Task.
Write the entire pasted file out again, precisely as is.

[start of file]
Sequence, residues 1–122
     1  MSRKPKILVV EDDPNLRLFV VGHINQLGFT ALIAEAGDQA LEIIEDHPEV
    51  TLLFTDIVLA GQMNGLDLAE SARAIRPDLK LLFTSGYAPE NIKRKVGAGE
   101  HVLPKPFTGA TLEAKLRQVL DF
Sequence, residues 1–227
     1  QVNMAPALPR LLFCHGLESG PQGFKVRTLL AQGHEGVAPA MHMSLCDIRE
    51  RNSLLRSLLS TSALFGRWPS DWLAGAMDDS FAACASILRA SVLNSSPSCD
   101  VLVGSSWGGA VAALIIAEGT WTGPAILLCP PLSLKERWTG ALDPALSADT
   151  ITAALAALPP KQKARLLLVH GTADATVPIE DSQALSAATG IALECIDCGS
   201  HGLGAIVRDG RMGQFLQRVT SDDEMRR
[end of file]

Sequence, residues 1–122
     1  MSRKPKILVV EDDPNLRLFV VGHINQLGFT ALIAEAGDQA LEIIEDHPEV
    51  TLLFTDIVLA GQMNGLDLAE SARAIRPDLK LLFTSGYAPE NIKRKVGAGE
   101  HVLPKPFTGA TLEAKLRQVL DF
Sequence, residues 1–227
     1  QVNMAPALPR LLFCHGLESG PQGFKVRTLL AQGHEGVAPA MHMSLCDIRE
    51  RNSLLRSLLS TSALFGRWPS DWLAGAMDDS FAACASILRA SVLNSSPSCD
   101  VLVGSSWGGA VAALIIAEGT WTGPAILLCP PLSLKERWTG ALDPALSADT
   151  ITAALAALPP KQKARLLLVH GTADATVPIE DSQALSAATG IALECIDCGS
   201  HGLGAIVRDG RMGQFLQRVT SDDEMRR